Ever wonder why you have a good “gut feeling” about someone? It might have something to do with the halo effect.
The amount of people we come into contact with on any given day is astounding. From the cashier checking us out at the store, to the tourist who asks us for directions on the street, to the guy we see a few times a week at our favorite café, we’re constantly surrounded by people.
But more than just interacting with them, we’re forming fast opinions and collecting information about them based on their appearance, whether or not we’re trying to or even realize we’re doing it. Despite most of us being taught that we shouldn’t judge a book by its cover, studies find that it only takes one-tenth of a second for us to come up with an assessment or feeling about someone.
So why is it that we can get a good feeling about someone without even speaking to them? Why do we find ourselves liking someone before we know anything about them? It’s all due to something called “the halo effect.”
What’s the Halo Effect?
Simply put, the halo effect is a term that explains our human inclination to ascribe positive traits to someone based on their appearance or other attributes we consider good, such as displaying kindness or intelligence. Essentially, we might see a pretty person and automatically assume them to be trustworthy, gracious, or hardworking. But the halo effect, while generally used in reference to attractiveness, can also occur if we come across an exceptionally funny, brainy, or successful person.
The halo effect is when we ascribe positive traits to someone based on their appearance.
The power of the halo effect reaches far and wide, influencing whether or not an individual lands a job, how much money they make, the grades they’re given in school, and even the length of their prison sentences. The more conventionally attractive a person, the better they’ll be regarded and treated in other senses.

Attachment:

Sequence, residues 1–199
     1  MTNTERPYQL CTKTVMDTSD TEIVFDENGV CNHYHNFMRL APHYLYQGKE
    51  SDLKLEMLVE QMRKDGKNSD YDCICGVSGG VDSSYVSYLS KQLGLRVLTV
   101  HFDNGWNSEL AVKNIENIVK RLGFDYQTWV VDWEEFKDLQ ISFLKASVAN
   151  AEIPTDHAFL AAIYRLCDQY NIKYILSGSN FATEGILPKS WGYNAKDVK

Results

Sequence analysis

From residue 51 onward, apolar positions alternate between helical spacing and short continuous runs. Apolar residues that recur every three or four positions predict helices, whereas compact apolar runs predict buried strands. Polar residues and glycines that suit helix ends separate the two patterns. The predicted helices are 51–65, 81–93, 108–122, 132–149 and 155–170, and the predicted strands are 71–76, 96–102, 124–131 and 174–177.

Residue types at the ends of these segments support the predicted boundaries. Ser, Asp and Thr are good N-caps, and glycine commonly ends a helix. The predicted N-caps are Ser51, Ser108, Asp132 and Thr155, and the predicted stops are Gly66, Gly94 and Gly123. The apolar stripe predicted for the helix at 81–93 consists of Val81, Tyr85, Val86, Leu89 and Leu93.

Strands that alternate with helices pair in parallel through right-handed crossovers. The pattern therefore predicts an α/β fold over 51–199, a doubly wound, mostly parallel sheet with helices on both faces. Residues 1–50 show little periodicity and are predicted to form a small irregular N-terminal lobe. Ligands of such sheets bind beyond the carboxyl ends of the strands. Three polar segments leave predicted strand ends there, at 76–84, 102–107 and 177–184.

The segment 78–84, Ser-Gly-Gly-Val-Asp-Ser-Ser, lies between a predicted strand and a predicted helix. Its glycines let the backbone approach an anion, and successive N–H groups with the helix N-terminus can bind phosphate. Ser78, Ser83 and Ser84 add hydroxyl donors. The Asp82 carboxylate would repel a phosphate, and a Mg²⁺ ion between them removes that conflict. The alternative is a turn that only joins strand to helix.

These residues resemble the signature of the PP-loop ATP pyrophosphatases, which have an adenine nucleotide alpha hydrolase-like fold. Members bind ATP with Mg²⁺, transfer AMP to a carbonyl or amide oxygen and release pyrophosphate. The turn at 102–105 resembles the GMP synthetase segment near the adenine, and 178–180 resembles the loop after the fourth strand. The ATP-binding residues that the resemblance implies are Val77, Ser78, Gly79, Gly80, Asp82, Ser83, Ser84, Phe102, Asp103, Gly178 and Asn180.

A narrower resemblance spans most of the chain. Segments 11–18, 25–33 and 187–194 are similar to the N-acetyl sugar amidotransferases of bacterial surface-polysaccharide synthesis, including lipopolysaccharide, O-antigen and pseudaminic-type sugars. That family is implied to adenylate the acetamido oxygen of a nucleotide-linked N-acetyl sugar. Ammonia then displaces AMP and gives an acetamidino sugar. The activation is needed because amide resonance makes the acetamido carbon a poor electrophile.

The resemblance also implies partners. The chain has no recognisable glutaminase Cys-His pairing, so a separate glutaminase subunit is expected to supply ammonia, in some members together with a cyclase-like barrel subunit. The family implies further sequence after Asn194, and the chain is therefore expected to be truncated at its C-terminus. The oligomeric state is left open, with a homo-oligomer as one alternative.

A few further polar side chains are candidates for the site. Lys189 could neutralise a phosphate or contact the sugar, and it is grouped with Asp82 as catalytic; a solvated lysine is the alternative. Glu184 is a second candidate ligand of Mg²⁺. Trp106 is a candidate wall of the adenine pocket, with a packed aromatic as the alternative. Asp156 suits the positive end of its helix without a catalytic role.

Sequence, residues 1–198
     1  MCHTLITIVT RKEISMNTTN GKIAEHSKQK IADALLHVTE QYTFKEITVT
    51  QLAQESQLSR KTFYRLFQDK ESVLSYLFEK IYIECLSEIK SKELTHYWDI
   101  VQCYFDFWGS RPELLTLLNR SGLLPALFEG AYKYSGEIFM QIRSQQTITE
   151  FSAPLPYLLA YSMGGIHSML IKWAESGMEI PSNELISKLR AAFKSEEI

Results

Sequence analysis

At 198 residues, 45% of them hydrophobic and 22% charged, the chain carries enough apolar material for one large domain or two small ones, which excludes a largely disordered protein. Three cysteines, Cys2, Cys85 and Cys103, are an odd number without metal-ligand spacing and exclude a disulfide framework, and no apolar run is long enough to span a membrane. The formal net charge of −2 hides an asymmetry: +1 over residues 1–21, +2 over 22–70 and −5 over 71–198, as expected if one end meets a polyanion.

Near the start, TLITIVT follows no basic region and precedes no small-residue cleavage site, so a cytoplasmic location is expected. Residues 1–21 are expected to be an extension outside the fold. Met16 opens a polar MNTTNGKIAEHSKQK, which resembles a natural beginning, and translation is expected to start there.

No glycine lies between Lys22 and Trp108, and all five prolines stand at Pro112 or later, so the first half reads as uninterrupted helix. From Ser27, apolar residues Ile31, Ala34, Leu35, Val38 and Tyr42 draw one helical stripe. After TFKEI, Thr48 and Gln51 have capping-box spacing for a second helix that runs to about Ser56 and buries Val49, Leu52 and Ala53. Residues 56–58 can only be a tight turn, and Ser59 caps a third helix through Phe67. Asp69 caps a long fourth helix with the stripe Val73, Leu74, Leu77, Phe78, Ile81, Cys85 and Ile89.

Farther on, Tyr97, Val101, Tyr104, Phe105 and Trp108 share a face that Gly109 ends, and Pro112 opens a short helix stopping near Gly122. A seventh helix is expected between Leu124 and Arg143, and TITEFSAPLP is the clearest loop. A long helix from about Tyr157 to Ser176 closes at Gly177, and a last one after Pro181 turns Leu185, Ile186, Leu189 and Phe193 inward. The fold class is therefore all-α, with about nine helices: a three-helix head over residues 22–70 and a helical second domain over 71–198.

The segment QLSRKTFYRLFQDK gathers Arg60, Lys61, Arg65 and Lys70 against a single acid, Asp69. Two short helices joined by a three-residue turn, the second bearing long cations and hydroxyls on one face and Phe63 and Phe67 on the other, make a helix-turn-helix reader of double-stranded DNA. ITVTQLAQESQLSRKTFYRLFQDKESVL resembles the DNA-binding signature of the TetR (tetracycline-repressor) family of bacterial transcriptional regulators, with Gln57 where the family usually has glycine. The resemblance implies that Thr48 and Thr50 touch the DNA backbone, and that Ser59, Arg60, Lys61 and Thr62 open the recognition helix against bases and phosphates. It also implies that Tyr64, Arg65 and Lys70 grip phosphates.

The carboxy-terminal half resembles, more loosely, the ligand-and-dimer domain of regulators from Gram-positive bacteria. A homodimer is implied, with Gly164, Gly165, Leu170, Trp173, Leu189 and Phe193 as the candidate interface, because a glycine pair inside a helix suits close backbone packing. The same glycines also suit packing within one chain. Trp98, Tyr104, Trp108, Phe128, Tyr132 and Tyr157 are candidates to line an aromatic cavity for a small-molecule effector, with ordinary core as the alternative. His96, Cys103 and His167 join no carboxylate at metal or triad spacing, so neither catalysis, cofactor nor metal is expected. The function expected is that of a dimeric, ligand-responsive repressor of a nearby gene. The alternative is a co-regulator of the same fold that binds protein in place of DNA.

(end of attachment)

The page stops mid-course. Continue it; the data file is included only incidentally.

Is the Halo Effect Inherently Bad?
The benefits to be reaped simply for being good-looking or coming across well are plentiful and advantageous — to a point that feels unfair. Why should attractive people be awarded perks they might not deserve? Isn’t it immoral to treat people differently for such a trivial reason as their appearance?
While the outcomes of the halo effect leave things unequal, it’s also in our human nature to respond to beauty and what we perceive as goodness, making it difficult to call the halo effect wholly and intrinsically bad. We’re not totally at fault for what’s an involuntary reaction. But we can take a look at the negative consequences it could possibly inflict on us.
We Need To Be Cautious about Taking People at Face Value
Most of us have, after the end of a toxic relationship or friendship, had a moment of, “Why did I like them in the first place? Why did I let them get away with this behavior?”. Often enough, we can thank the halo effect.
Despite it being a natural reaction, it’s important that we understand how it can lead us to incorrect conclusions and cause us to make undue excuses for our significant other, new love interest, or friend. When we see them as superior to us, or better than they actually are, we’re more likely to let them off the hook and allow them to mistreat us.
When we see them as superior, we’re more likely to excuse them and allow them to mistreat us.
This won’t be lost on them, either. They’ll get used to seeing us as inferior to them, or expect to have their unacceptable conduct be pardoned, making for an unhealthy dynamic and a relationship that can only end with bad feelings.
The halo effect is a normal part of life, but it’s crucial that we’re able to recognize when someone in our life is benefitting too much from it.
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